Cloud Computing – What Does It Basically Mean?


There is a lot of industry hype around the term cloud computing. It can be very confusing. The word cloud, in this context is used instead of the world-wide-web or internet.

Cloud computing lets you use files and applications over the Internet. Put simply, you use internet based websites or service provider such as Google, where you log on to the site, use their files or applications provided, then save your work to their site.

Normal applications on the computer are:

1 Hardware used to drive the computer.

2 Software programs, which are applications purchased and installed on to the computer; such as word processing that you then can use. All entries then that you make in these software programs can saved to your computer drive.

It is now common practice for businesses small and large to save over the internet the back-up of the end-of-the-day files to a remote service provider, that could be anywhere in the world. This is seen as a form of business insurance in-case of such instances as theft, fire or earthquake.

Some businesses have gone over completely to using cloud computing for all their business needs. This means their computers have a keyboard, minimal operating system and a web browser only. Really they are little more than a display terminal that is connected to the internet.

This can mean a reduced cost of buying, installing and upgrading software into each computer. There is the promise of no virus attacks on your computers from the direct link to internet sites to your files.

Cloud services are often designed to work across the spectrum of platforms such as Windows, Mac, and Linux. Many providers have also made changes to accommodate smart phones and tablets.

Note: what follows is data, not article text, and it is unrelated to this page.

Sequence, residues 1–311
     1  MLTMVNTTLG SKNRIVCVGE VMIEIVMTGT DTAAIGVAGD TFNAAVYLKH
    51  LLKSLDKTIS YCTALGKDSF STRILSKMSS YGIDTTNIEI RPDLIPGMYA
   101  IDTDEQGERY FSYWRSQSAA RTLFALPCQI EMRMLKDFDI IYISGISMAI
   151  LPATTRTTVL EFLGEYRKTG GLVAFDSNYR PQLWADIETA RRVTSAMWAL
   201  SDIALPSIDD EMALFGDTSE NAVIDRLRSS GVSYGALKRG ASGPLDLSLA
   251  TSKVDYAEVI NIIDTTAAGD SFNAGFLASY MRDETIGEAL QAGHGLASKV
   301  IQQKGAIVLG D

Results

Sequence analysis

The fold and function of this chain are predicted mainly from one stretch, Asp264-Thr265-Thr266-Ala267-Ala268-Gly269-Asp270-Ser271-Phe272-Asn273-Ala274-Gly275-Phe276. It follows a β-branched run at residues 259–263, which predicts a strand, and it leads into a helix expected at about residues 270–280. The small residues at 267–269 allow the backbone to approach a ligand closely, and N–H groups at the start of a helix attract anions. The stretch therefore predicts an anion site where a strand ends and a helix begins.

There are genuine concerns being raised about the security assurance of these cloud services. Issues such as who has access to the files for example, government agencies or competitors. Who governs the security? Hackers have been found to pose as legitimate customers then once into the site they can crack into passwords and launch attacks.

Other issues raised are wherever the cloud providers are providing top service for their applications.

There are also concerns about what happens if a cloud provider shuts down for financial or legal reasons. This appears to have occurred in a number of cases.

So how far do we embrace this form of computing? It begs the question is it completely safe for your business model?

There is now the ultimate service coming from Google. It is a notebook pc, that has a simple interface and web browser. The user then has access to only Google sites to work on making Google the one-stop-shop on cloud computing applications. Is this the way of the future?


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